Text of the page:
The End of Your Life Book Club by Will Schwalbe

July 16, 2013

end of your life book club Summary (from the publisher): During her treatment for cancer, Mary Anne Schwalbe and her son Will spent many hours sitting in waiting rooms together. To pass the time, they would talk about the books they were reading. Once, by chance, they read the same book at the same time—and an informal book club of two was born. Through their wide-ranging reading, Will and Mary Anne—and we, their fellow readers—are reminded how books can be comforting, astonishing, and illuminating, changing the way that we feel about and interact with the world around us. A profoundly moving memoir of caregiving, mourning, and love—The End of Your Life Book Club is also about the joy of reading, and the ways that joy is multiplied when we share it with others.


  • Some of the books mentioned in here sound like they’re well worth reading. For example, Continental Drift has made it onto my “To Read” list, as has A Prayer for Owen Meany, The Bolter, Appointment in Samara, The Price of Salt, and Marjorie Morningstar. The snippets the author mentioned sounded very interesting.
  • I enjoyed reading about how Will and Mary Anne connected through books. I’m the only real reader in my family and often lament the fact that I have no one with whom to discuss my favorite books. Sometimes I think it would be nice to have that kind of connection with a close relative.
  • Mary Anne sounded like such an amazing person. Though I’d never heard of her before, just from what I read here I think Will was right to call her a trailblazer. Mary Anne did so much more than women of her generation typically did and it sounded like she had a very fulfilling, rewarding life.


  • The politics!! Why, oh, why do people include politics in a book like this??? The fawning over Obama and the grandstanding about national healthcare almost made me chuck my Kindle across the room. Yes, those views were a part of Mary Anne’s life, but they added absolutely nothing to the story. Would anything of substance have changed had these passages been omitted?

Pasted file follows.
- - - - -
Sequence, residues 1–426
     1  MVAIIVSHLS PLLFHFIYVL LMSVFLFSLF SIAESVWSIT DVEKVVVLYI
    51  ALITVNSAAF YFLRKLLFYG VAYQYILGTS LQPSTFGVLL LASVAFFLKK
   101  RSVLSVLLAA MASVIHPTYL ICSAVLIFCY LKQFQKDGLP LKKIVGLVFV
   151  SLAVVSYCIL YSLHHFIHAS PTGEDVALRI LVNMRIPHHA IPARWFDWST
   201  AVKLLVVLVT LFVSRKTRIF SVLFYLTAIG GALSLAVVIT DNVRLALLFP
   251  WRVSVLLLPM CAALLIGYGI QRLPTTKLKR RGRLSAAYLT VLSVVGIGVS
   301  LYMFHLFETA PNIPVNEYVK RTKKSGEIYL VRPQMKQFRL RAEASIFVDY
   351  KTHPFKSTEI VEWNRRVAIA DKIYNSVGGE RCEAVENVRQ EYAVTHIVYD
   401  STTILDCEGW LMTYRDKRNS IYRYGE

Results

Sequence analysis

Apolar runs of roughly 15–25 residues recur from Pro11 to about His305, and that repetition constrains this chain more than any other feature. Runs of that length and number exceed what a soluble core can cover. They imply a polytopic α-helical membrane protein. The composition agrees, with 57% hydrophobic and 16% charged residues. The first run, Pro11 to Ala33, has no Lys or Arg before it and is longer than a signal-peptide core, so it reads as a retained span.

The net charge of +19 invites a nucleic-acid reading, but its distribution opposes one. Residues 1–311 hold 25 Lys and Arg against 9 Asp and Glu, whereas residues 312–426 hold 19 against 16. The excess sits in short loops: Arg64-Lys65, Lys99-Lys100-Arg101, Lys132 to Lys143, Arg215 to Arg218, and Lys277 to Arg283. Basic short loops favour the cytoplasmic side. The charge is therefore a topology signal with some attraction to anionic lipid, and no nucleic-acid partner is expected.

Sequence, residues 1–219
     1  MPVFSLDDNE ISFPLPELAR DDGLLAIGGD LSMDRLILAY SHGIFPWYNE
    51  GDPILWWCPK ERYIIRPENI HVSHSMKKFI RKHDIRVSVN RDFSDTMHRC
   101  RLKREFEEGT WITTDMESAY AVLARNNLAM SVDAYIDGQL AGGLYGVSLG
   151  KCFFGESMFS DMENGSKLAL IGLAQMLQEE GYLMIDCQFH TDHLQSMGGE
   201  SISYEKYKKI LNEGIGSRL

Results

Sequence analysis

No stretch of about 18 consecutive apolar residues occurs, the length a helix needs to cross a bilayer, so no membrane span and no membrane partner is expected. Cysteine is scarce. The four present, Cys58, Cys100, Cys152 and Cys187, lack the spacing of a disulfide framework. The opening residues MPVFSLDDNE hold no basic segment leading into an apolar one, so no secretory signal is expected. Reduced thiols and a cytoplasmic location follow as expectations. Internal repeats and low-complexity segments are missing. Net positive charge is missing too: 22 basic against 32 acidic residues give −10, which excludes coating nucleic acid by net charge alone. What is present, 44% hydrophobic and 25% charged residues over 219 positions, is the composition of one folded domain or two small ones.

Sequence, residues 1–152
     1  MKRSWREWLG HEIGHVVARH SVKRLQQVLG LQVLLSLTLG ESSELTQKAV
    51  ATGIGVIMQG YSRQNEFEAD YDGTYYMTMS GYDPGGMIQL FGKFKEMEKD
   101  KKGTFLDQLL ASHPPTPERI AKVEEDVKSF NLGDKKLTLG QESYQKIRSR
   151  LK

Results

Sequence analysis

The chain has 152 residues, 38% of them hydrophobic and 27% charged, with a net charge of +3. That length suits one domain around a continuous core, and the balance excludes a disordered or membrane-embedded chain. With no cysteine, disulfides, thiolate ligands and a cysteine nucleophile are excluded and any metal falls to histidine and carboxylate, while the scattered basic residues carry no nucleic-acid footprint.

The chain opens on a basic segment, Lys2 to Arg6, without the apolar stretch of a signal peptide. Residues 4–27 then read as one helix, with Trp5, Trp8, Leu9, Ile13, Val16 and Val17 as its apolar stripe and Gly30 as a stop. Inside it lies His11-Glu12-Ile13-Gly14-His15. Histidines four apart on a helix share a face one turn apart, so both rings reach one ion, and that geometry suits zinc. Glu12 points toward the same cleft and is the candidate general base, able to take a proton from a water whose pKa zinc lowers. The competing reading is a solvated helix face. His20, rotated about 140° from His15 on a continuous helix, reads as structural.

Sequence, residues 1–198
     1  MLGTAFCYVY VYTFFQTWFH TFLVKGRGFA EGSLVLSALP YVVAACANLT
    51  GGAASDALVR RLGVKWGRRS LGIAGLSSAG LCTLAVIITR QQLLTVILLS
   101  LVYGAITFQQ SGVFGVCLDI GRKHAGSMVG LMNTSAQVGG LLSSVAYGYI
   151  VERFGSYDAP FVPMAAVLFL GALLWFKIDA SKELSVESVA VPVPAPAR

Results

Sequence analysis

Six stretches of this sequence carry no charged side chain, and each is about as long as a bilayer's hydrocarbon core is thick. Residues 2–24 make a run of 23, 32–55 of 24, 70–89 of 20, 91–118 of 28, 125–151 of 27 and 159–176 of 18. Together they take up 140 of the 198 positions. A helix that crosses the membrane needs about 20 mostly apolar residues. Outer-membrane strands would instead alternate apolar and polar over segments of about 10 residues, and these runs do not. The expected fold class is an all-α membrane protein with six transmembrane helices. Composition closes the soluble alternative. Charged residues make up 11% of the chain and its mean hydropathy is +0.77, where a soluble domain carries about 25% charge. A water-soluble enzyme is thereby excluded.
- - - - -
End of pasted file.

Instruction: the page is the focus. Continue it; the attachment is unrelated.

• This will no doubt sound cold, but I thought there was too much focus on Mary Anne’s illness. I didn’t really want to hear so much about her chemo or the effects her cancer treatment had on her body. I get that the illness played a large role in the premise for the book, but once Will had set the scene, he could have just given periodic updates instead of the frequent blow-by-blow accounts he prefers.
  • As strange as this may sound, I don’t think Will did a very good job of closing the distance between the reader and his mother. Despite the whole book being about her and despite her presence on nearly every page, I never felt that I got to know her beyond a superficial point — like about the same way I’d feel after spending a couple hours with her at a dinner party. Will filled us in on broad strokes, but no details. As a result, I didn’t quite connect with her and couldn’t muster up much emotion when she died. That’s a terrible thing to say, but there you have it.


After all the hype The End of Your Life Book Club received, I was expecting an emotional, uplifting, moving tribute to a remarkable woman and the books she loved. I think this is what the author aspired to, but the work never quite reaches those heights. There’s much to recommend in it, including what seems like a fairly good reading list, but several fundamental problems as well. I give this one 3 stars out of 5.

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